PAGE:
There are precious few things that can take one right back to my childhood like food can.  And when looking back on some of our childhood faves, you either crave it like its no tomorrow or laugh in hysterics at what was considered haute cuisine.

Ambrosia anyone?

So when a group of us food bloggers got together regaling stories of what mom used to make, a few of us got a little misty eyed, a few laughed with disdain, but all of us cherished the memories of our childhood faves.

FoodieCrush Magazine Weinerschnitzelphoto >foodiecrush

My mom was given this recipe from my dad’s mother, Grandma Frieda, in an attempt to help this young bride satisfy my dad’s love of his German mother’s cooking. I mean the guy likes head cheese. Really dad?

When we had our nightly ritual of dad telling my sister Shoobie and I to “clean our plate,” this was one dish that we never had to hear him utter the phrase. Now when mom cooked liver? Different story. That went from the mouth, into the napkin and conveniently onto the floor for our dog Posey to subtly snarf up.

There’s only one way to serve my mom’s Weinerschnitzel. Not with rice, not with a salad or other veggie. Nope, the only way is with boxed Pasta Roni Angel Hair Pasta with Herbs and jarred—not canned—sweet and sour red cabbage (I’m partial to Aunt Nellie’s, my mom swears by Steinfelds.)

And don’t forget the lemon wedges to spritz on top of the pork chop. Thank you, I’ll have another.

  • 6 thin-cut pork chops with the bone (the best part)
  • ½ C flour
  • 2 eggs
  • ⅛ C milk
  • 2 cups bread crumbs
  • salt and pepper
  • ⅛ cup oil for frying
  • 1 lemon
  1. With a meat tenderizer or bottom of a heavy pan, pound out pork chops to ¼ inch thickness. One at a time, dredge chops in flour. In a shallow dish, whisk eggs with milk, salt and pepper. Coat chops in egg mixture, then in bread crumbs, shaking off excess. Heat 2 T of oil in a heavy skillet over medium heat. Fry chops in batches until golden brown and crispy, about 5 minutes on each side. Serve with lemon wedges, noodles and sweet and sour cabbage.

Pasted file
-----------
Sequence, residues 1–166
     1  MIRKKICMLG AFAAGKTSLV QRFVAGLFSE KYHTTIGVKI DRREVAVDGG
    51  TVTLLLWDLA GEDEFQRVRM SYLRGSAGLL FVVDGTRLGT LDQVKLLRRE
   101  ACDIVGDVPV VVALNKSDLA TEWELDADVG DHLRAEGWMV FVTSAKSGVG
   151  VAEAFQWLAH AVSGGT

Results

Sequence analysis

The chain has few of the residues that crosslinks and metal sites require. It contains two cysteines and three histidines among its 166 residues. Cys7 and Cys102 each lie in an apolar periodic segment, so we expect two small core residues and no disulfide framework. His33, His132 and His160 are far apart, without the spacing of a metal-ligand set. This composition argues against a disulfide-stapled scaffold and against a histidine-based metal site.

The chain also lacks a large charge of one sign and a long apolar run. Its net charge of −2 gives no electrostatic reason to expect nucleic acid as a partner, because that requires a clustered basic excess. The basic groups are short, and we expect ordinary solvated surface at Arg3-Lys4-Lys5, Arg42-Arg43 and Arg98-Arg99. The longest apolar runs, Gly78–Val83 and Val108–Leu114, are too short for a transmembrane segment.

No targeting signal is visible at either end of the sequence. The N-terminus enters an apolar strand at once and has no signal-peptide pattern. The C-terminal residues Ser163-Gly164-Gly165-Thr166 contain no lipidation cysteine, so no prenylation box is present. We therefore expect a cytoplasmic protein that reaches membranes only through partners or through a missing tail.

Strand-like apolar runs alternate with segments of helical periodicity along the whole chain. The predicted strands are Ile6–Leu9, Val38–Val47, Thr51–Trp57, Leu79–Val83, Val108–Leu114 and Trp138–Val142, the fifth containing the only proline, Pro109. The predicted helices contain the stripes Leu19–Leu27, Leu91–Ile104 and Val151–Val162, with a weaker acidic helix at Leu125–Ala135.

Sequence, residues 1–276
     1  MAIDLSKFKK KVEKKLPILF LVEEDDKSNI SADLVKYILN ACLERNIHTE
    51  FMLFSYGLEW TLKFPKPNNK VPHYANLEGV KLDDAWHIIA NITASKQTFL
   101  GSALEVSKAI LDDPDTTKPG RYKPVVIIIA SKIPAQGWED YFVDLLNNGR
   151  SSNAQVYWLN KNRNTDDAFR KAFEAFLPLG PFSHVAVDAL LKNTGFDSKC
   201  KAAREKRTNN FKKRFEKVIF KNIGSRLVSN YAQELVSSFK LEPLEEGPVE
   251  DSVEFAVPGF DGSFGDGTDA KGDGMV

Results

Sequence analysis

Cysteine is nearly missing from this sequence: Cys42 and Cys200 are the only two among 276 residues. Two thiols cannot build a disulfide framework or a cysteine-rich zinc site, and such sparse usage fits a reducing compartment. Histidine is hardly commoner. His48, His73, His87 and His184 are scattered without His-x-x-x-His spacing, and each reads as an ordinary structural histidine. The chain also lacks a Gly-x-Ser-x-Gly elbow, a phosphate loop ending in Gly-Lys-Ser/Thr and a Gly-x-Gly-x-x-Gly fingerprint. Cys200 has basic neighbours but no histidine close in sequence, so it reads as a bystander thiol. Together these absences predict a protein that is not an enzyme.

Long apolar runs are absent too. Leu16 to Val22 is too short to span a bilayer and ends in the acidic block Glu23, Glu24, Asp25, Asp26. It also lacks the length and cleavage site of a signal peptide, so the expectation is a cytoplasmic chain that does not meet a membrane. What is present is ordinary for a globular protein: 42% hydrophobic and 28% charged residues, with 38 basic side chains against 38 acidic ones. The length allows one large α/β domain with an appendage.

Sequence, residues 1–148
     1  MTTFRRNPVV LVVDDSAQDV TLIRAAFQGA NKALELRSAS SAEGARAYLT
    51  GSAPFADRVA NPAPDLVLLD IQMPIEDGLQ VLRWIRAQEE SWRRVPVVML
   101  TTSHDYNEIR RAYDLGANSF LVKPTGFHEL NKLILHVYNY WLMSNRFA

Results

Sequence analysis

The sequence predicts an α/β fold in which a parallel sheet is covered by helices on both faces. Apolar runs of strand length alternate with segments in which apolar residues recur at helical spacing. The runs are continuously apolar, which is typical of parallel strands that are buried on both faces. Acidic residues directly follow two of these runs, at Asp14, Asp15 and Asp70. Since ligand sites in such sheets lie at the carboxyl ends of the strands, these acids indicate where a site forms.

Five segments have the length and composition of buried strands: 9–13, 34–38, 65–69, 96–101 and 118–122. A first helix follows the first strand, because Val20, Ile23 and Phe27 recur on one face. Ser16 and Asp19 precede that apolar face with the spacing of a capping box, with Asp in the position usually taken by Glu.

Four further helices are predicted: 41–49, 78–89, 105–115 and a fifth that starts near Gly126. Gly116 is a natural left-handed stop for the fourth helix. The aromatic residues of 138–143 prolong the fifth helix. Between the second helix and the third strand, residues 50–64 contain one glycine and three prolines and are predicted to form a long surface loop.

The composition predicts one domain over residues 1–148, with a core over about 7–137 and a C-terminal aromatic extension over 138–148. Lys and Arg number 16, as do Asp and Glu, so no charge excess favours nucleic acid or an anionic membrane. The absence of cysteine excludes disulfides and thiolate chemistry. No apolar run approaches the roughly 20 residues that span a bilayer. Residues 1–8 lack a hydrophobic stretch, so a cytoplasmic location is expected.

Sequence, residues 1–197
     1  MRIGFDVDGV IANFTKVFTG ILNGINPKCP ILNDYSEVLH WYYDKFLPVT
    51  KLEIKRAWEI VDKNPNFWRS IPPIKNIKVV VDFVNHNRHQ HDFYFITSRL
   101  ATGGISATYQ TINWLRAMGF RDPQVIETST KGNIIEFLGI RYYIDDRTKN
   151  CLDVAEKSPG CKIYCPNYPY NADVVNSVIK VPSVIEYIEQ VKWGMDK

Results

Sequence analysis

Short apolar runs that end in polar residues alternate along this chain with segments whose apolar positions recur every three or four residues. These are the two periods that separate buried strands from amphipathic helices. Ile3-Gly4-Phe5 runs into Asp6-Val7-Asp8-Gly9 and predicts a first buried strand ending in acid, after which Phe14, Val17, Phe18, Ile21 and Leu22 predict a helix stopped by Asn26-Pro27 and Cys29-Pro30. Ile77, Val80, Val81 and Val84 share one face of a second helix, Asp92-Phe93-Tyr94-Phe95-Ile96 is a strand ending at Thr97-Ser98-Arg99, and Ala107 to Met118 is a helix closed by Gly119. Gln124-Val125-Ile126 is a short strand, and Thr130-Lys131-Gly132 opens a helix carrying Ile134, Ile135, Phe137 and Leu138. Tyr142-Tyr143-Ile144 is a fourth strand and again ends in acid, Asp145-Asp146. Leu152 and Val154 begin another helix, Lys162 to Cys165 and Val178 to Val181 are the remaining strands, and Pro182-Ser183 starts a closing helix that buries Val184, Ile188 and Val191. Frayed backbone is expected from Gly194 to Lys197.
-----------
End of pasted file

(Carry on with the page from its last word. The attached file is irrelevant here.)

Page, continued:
Nutrition Information
Serving size: Serves 4

And now, presenting Family Food Flashback—coined by the talented linguist Dara of Cookin’ Canuck .

FoodieCrush Barbara Bakes Homemade Utah Sconesphoto > Barbara Bakes
Presenting Barbara’s mom’s recipe for Homemade Pancake Syrup with Utah Scones

FoodieCrush Magazine The Vintage Mixer Souther Cheese Gritsphoto > The Vintage Mixer
From The Vintage Mixer: Presenting Becky’s mom’s recipe for Garlic Southern Cheese Grits

FoodieCrush Food Finery photo > Food Finery
From Food Finery: Presenting Tiffany’s recipe for Mom’s Hominy (plus a bonus cheesecake. we think?)

FoodieCrush Magazine Everyday Southwest Corn Frittersphoto > Everyday Southwest
From Everyday Southwest: Presenting Donna & Sandy’s mom’s Corn Fritters with Maple Syrup

FoodieCrush Magazine Cookin Canuck Chicken Curryphoto > Cookin’ Canuck
From Cookin’ Canuck: Presenting Dara’s recipe for Mum’s Chicken Curry

FoodieCrush Taste and Tell Chile Rellenophoto > Taste and Tell
From Taste and Tell: Presenting Deborah’s mom’s Chile Relleno

FoodieCrush Katherine Martinelli Meatballsphoto > Katherine Martinelli
From Katherine Martinelli: Presenting Katherine’s dad’s Polpettes or Meat Balls

We’re ramping up for debut issue of FoodieCrush magazine. When will November 15 get here already? If you’re interested in advertising and partnership opportunities, contact me at heidi at foodiecrush dot com.

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